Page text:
The Mother of All Potatoes

I woke up Mother’s Day morning to an empty house.

I’d sent my kids away.  I’d made myself childless on the day meant to celebrate my being their mother (setting aside the original intent of Mother’s Day, of course).

I didn’t realize until it was too late that I’d robbed myself of the dry toast and tepid tea in bed.  I worried that I’d ruined my mother-in-law’s morning by inserting four raucous children.  I thought I’d gained a morning of sleeping in after a fun night out with friends – which was my top priority when babysitting became a possible overnight – but my eyes popped open inexplicably at 6:30 and I was up.

My husband and I had time to uninterruptedly discuss irritating things we’d been avoiding and got agitated. I worked uninterruptedly in the kitchen for almost five hours prepping the brunch to which I’d invited both our mothers, the muscles in my legs that didn’t get enough sleep twitching at me to sit down.

Still, I thought to myself, look at all you’re accomplishing without the children in the house.  This is taking a while without them here; imagine how much it would take with interruptions.  It actually boggled my mind that what I’d thought was a modest menu was taking so long to prep.  Another recent window into what realistic expectations actually are.  But I was doing it.  I wasn’t losing my mind.

And then, as I entered the final stretch, my husband asked about the potatoes.  The potatoes that needed to be scrubbed and chopped and roasted for a decent amount of time on which we were starting to run low.


Jennifer Butler Basile

As I cleaved into the dense sweet potatoes, feeling the solid thunk of the blade on the board below, the irony did not escape me.  My quintessential metaphor for the struggle of motherhood, right there in front of me on Mother’s Day.  Why the hell was I chopping potatoes on the day already fraught with unrealistic and unfulfilled expectations, sorrow and disappointment, fete tinged with personal feelings of failure?  I just wanted a nice brunch for everyone and be done with it.  Not think – of the magnitude of motherhood and its struggle.

I didn’t let my husband prep the potatoes like I should have – from either a need to control the size of the dice or to see things through whole since I’d prepped every other dish.  But he’d taken over scrubbing the dishes for me – seeing firsthand what a PIA the caked-on pizza crust from two nights earlier was.

I didn’t go all out escapist as I cubed the potatoes as I may have one day.  But I acknowledged that I was stressed by a full morning without kids.  Which meant that I wasn’t just horrible at handling them and life; I needed to start expecting both less and more of myself.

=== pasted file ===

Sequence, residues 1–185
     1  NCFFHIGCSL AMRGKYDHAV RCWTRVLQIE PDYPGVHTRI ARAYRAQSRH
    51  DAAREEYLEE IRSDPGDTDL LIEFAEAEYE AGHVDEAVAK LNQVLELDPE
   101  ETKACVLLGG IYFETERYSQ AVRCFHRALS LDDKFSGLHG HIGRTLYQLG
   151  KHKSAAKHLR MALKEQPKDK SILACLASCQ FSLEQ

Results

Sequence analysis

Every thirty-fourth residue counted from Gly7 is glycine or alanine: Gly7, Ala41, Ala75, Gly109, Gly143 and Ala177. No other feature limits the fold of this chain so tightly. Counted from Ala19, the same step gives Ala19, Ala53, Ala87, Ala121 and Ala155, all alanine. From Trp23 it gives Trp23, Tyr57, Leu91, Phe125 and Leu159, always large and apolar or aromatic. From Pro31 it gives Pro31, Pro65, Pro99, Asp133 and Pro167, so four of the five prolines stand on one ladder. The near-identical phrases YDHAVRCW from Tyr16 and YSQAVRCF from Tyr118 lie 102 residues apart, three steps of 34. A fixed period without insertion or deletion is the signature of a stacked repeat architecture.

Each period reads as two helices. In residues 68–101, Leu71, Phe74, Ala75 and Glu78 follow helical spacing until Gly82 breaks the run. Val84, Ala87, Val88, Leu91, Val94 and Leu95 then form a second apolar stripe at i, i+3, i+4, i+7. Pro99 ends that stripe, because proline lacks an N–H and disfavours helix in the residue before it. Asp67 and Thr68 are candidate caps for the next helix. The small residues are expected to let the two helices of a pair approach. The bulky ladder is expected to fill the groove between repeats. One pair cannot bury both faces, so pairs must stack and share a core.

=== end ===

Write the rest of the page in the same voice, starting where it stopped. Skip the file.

The visceral memory of chopping potatoes may never go away, but this time it was a gentler reminder of checking my tension, setting (actually) realistic goals, asking for help; of actually voicing my needs and accepting the resultant offers of help.

We need to be as gentle with ourselves as we strive to be as mothers.

Patate Pazze

Crazy potatoes.

I found the recipe for this dish, a Campomelano classic, in A Year in the Village of Eternity: The Lifestyle of Longevity in Campodimele, Italy by Tracey Lawson.

I thought, how ironic, the name of this dish, given that it was potatoes that nearly made me go crazy.  Now there’s a food ripe with metaphor.  How witty, how clever I am.

Then I went back and read the entire chapter in which this recipe is featured: The Mountain Gives You Everything.  Lawson explains that it’s a phrase uttered over and over by the residents of this mountainous Italian village, meaning, “in every moment, in every season, the mountain provides all the things you really need; the very essentials of life.”

And just like that my metaphor switched from potato to mountain.

Do I need the crazy potatoes dug up from the earth of the mountain?  No.

Were they there, ripe for the harvest?  Yes.

And when did they become crazy?  When mixed with the greens and grasses that also occur naturally on my mountain.

“Seek and the mountain will give,” says Lawson; to which an aged resident says, “You just need to know where to look.”

But Lawson also stresses that “it’s really a question of knowing how to look.”

I think that potatoes popping up all over the fields of our lives crowd out our ability to look.  Add the wild greens of distraction, stress, and overwhelming life events sprouting up wherever they may and often spreading like wildfire – and it’s a recipe for disaster.

But the wild greens boiled with the potatoes for patate pazze, are used “to flavour potatoes which may be past their best after more than six months languishing in the cantina.”

Did I not respond well to the stresses of my life because I was already languishing?

Or were they sent to me to add some dimension to my life, stir things up, a zesty flavor to respond to?

In any event, I may have found a way around my abhorrence for chopping potatoes.  This recipe calls for boiling the potatoes in their skins, slipping them out once cooked, and then slicing them, which would no doubt be much easier than chopping them raw – no matter how many cranky kids circle my feet.  I’m willing to take whatever the mountain will give.


All quotes and references come from the following:

9781596915022Lawson, Tracey.  A Year in the Village of Eternity: The Lifestyle of Longevity in Campodimele, Italy.  New York: Bloomsbury, 2011.

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